“People who really achieve are not reasonable,” Roger says. “A reasonable person accepts the world as it is. It takes an unreasonable person to think they can change the world.”
“We didn’t want to change the world,” Carie says. “But we wanted to change our dancing.”
“I knew Yulia was the right coach for me at the first lesson,” Roger says. “I used to tell Carie, I know more what not to do than what to do. I would ask coaches to tell me how to do it the right way, and a lot of them couldn’t do that. They’d say try it again. The first session with Yulia she says, ‘That’s not right.’ I told her, ‘I know that, but I don’t know how to do it the right way.’ She walked over to a bookshelf, pulled out an anatomy book and pointed, “See this muscle right here,’ she says. ‘ You’re using this muscle. When you do this, I want you to do this with this muscle.’ I was ecstatic. That’s what I needed, because then I could figure out how to improve.”
Yulia and Roger competed as a pro-am couple, she the professional and he the amateur. They won three national championships. Yulia was precise in her dancing. After winning their first championship, as they were walking back to their seats, national championship trophy in hand, Yulia gave Roger a rare compliment, “Hmm. Must have looked better than it felt.”
Roger and Carie went on to win three more national championships of their own. “About 2011, we noticed the competition kept getting younger while we kept getting older. We had three U.S. Senior Dance Titles and decided to go out on top rather than fading away.”
“We miss competition dancing terribly,” Carie says. “It was a great adventure for us, and dancing has been extremely good to us. We wanted to give back, and one way to give back is to teach.”
“We are teaching dance lessons on Sundays at the SunRiver community center,” Roger says. “One of the reasons we are here is the ballroom,” Carie says. “The ballroom reminds of the ballroom at the University of Michigan. I took one look at it and said, ‘Oh my goodness, this is where we want to live.’ That ballroom is just magnificent, you guys don’t realize how fortunate you are. Wood floor, chandeliers, most dancers would die for that.”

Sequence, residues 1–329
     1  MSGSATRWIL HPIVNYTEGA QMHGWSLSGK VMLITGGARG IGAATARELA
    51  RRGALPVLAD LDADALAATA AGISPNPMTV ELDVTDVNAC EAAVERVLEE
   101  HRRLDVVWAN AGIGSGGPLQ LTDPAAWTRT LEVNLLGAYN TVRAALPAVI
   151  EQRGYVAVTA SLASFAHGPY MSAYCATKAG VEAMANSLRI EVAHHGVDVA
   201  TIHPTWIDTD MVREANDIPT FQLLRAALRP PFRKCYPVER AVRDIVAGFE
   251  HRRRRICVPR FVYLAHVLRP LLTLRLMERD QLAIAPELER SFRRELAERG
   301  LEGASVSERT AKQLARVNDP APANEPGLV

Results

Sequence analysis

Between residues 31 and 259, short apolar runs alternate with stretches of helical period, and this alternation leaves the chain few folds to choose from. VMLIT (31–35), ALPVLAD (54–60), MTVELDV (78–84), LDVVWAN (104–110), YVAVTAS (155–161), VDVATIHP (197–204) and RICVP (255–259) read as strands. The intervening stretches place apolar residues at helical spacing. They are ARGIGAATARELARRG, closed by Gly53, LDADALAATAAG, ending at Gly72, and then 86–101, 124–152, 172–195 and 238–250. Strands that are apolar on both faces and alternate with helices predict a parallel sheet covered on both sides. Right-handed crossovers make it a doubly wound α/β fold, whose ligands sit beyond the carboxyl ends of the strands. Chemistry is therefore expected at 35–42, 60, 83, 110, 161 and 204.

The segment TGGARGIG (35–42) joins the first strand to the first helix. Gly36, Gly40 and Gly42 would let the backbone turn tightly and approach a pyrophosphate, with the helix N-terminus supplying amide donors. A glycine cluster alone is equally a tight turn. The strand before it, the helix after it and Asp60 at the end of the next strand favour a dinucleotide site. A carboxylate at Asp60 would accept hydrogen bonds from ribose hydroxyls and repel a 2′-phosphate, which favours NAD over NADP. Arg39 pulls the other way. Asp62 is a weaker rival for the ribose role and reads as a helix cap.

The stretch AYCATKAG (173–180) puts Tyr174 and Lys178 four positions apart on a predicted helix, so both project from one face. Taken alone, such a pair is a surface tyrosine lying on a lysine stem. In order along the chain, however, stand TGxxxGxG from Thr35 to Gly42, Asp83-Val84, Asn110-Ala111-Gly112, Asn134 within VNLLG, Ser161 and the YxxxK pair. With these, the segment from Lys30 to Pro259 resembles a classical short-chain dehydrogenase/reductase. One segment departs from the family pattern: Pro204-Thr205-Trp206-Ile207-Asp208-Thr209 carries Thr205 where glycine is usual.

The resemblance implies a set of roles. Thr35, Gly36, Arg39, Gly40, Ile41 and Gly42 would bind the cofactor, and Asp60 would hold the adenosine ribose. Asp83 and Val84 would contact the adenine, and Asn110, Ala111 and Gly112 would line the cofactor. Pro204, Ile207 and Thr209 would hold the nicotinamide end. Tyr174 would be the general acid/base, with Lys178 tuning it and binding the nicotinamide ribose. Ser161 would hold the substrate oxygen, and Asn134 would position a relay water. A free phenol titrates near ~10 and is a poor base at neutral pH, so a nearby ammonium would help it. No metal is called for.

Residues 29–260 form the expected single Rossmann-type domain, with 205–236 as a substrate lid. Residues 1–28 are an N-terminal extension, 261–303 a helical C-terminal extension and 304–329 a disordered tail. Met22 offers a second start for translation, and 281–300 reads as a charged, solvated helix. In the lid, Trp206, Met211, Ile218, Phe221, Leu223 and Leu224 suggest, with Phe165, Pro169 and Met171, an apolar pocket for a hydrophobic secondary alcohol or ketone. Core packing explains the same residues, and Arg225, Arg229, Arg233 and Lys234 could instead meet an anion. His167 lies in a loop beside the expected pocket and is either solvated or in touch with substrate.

Roger and Carie moved to SunRiver from Ann Arbor Michigan. “Cold, wet, snowy, very high humidity,” Carie described it. They found Saint George by accident. They were at a dance competition in San Diego and took a side trip to Zion National Park. “We drove through St. George, a very small town in 2005 or so. We thought ‘there’s a possibility,’ so we put it on our chart.
They developed a chart listing the characteristics they wanted in a retirement area. It included medical, educational, environmental, and cultural needs. “St. George was never number one,” Roger says. “San Diego has better weather, but the costs are horrible and the traffic is even worse. But if you look at St. George the way we did from our evaluation, it ranked overall high scores. You drive an hour to get to the Shakespeare festival in Cedar City, but that’s only an hour. You drive an hour-and-a-half to Las Vegas for shopping, but that’s only an hour-and-a-half. We don’t have the traffic. We have great medical, wonderful education venues, and there are a lot of cultural events right here in St. George; theater, arts, films, and community.”